It’s just heat exhaustion … or is it?

Have you ever lost time while out in the sun, enjoying activities with friends and family, and you started to feel sick to your stomach, or a little lightheaded? So, you slow down, grab some water and a restful chair in the shade and hope it goes away. But it doesn’t. You may have experienced heatstroke. Studies suggest that heatstroke occurs in about 20 out of 100,000 people each year in the US and is most common in urban areas during periods of very hot weather. Heatstroke causes between 240 and 833 deaths in the US annually. This is not something to just brush off like the pesky black flies.

First let’s talk about the difference between heat exhaustion and heatstroke and the symptoms of each.

Heat Exhaustion
Heat exhaustion often happens before heatstroke. Heat exhaustion is the body’s response to an excessive loss of water and salt, usually through excessive sweating. Heat exhaustion is most likely to affect the elderly, people with high blood pressure, or those working in a hot environment.
Symptoms of heat exhaustion include:

  • Headache
  • Nausea
  • Dizziness
  • Weakness
  • Irritability
  • Thirst
  • Heavy sweating
  • Elevated body temperature
  • Decreased urine output

Heatstroke is a serious heat-related illness, more than heat exhaustion. It occurs when the body can no longer control its temperature: the body’s temperature rises rapidly, the sweating mechanism fails, and the body is unable to cool down. When heatstroke occurs, the body temperature can rise to 106°F or higher within 10 to 15 minutes. Heatstroke can cause permanent disability or death if the person does not receive emergency treatment.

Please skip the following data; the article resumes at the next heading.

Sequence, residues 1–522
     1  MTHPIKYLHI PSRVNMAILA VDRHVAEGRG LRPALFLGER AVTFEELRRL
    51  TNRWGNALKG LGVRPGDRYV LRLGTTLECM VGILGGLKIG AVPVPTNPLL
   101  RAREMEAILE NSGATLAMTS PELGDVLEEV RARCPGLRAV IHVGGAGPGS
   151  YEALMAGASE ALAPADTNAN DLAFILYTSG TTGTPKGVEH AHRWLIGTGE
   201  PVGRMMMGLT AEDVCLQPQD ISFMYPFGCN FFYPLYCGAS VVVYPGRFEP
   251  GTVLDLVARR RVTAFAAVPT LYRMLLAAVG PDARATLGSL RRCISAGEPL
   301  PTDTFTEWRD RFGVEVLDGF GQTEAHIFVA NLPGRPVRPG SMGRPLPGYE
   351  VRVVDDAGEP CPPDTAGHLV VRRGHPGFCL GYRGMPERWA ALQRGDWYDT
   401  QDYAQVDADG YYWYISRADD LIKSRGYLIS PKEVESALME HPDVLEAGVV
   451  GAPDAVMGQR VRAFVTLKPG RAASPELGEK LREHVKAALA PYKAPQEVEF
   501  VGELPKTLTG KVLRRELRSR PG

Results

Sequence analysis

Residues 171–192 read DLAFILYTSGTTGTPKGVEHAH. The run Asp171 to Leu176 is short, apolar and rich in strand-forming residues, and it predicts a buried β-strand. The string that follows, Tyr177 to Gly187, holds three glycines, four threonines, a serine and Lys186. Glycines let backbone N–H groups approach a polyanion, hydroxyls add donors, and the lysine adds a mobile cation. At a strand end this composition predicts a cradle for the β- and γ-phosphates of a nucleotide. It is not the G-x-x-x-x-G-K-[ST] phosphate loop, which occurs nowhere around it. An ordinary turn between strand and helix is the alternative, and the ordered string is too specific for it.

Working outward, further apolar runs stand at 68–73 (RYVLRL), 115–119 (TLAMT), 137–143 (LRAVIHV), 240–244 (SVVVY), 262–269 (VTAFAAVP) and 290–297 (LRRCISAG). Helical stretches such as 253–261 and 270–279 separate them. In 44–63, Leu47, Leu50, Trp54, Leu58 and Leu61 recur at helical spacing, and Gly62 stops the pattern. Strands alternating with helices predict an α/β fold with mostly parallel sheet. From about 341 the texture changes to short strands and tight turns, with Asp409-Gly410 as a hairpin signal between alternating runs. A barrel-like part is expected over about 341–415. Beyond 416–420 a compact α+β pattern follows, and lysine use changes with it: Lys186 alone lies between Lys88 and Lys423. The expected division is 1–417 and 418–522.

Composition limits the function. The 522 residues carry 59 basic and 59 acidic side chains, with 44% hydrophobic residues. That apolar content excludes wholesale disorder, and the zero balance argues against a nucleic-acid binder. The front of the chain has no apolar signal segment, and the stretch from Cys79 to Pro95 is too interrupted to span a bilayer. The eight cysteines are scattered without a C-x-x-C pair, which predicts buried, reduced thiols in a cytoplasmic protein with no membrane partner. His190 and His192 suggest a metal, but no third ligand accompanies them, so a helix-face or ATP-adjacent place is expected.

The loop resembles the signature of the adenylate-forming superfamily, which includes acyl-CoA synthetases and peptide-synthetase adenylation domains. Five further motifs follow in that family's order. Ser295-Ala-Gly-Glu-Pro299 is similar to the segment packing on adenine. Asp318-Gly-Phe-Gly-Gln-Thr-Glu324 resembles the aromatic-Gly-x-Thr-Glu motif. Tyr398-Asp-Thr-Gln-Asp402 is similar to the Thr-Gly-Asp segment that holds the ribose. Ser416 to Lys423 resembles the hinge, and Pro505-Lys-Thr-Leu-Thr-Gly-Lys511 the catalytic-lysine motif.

Symptoms of heatstroke include:

  • Confusion, altered mental status, slurred speech
  • Loss of consciousness (coma)
  • Hot, dry skin or profuse sweating
  • Seizures
  • Very high body temperature

The good news is you can prevent heat exhaustion and heatstroke.

Take these steps to prevent heatstroke during hot weather:

  • Wear loose-fitting, lightweight clothing.
  • Protect against sunburn.
  • Drink plenty of fluids.
  • Take extra precautions with certain medications. Ask your provider if your medications can affect your body's ability to stay hydrated and tolerate heat.
  • Never leave anyone (human or pet) in a parked car.
  • Take it easy during the hottest parts of the day.
  • Get acclimated. It can take several weeks for your body to adjust to hot weather. People not used to hot weather are especially susceptible to heat-related illnesses.
  • Be cautious if you're at increased risk. If you take medications or have a condition that increases your risk of heat-related problems, avoid the heat and act quickly if you notice symptoms of overheating.

If you're with someone who has heat exhaustion or heatstroke, seek immediate medical help if they become confused or distressed, lose consciousness, or are unable to drink. With these tips and awareness, you can avoid missing out on a great Maine summer day!

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